Notice that these attributes of the action object are all stateless. That is, when you retrieve a recordset from GetEmployeeDetails, you then shut down the action object immediately, thereby minimizing the cross-layer communication cost. Users can then modify the resulting recordset and, when they are ready to send it back for updating, you create the action object again and call the UpdateEmployeeDetails method. The action object does not need to be held open while the recordset is being modified. Let's look at these calls in more detail:
Public Function GetEmployeeDetails(Optional i_sID As String) As cRecordset Dim ocfEmployees As New cfEmployees Dim oParams As New cParams If Not IsMissing(i_sID) Then oParams.Add "ID", i_sID ocfEmployees.Create oPicDAL ocfEmployees.Populate oParams Set GetEmployeeDetails = ocfEmployees.Recordset End Function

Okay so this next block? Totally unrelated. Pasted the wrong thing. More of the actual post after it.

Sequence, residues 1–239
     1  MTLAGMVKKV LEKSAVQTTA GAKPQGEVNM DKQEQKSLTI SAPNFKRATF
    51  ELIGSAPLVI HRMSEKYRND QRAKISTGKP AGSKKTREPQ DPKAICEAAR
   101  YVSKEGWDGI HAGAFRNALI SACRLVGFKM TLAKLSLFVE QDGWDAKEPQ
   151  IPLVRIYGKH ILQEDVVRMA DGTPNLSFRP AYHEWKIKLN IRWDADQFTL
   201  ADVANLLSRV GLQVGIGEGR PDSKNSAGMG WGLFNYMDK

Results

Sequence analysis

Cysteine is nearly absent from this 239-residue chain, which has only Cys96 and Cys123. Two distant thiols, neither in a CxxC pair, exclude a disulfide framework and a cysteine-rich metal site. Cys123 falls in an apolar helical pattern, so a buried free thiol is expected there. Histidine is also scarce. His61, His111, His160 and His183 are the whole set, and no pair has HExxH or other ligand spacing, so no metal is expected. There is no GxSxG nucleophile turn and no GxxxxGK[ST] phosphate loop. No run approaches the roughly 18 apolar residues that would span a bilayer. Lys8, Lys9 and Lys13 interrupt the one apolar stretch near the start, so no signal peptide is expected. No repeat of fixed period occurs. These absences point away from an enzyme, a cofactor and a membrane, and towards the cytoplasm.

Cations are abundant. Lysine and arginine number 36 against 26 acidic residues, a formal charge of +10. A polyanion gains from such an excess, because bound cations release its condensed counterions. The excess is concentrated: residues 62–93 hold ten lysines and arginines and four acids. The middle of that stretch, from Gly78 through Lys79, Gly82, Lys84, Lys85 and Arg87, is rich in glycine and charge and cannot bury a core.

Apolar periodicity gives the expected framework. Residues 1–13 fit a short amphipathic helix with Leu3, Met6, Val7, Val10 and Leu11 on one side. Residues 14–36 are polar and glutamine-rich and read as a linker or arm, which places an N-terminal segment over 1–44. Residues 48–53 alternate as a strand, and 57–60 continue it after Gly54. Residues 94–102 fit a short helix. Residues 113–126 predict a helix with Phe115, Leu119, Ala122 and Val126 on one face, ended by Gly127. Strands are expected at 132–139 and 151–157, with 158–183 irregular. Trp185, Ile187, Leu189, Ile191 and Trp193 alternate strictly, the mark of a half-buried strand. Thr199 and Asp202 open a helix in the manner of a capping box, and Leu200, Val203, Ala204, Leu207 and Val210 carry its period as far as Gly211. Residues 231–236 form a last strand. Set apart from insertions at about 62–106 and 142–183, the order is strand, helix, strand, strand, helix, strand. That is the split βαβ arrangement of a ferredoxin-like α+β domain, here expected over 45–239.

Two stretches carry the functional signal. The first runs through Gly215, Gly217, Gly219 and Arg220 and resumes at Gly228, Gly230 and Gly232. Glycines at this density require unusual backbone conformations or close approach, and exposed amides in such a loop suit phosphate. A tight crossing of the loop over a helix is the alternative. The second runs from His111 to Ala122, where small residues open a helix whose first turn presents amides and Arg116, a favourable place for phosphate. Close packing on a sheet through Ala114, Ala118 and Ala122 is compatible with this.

Likewise, the UpdateEmployeeDetail call looks like this:
Public Sub UpdateEmployeeDetail(i_ocRecordset As cRecordset) Dim ocfEmployees As New cfEmployees Dim ocRecordset As New cRecordset Set ocRecordset = New cRecordset ocRecordset.Serialize = i_ocRecordset.Serialize ' Create local ' copy of object so that business objects do ' not have to refer across network. ocfEmployees.Create oPicDAL Set ocfEmployees.Recordset = ocRecordset ocfEmployees.Persist i_ocRecordset.Serialize = ocRecordset.Serialize ' Copy updated ' recordset back to client. End Sub
The GetCurrentActivities call has a bit more work to do. It must create a new recordset because the usage scenario requires that both Roles and Projects come back as one set of data. So the GetCurrentActivities call would create a recordset with three fields-ActivityID, ActivityValue, and ActivityType (Roles or Projects) and then populate this recordset from the Roles business object and the Projects business object. This recordset would then be returned to the client.
The UpdateCurrentActivities call would have to do the reverse-unpack the recordset and then apply updates to the Roles and Projects table.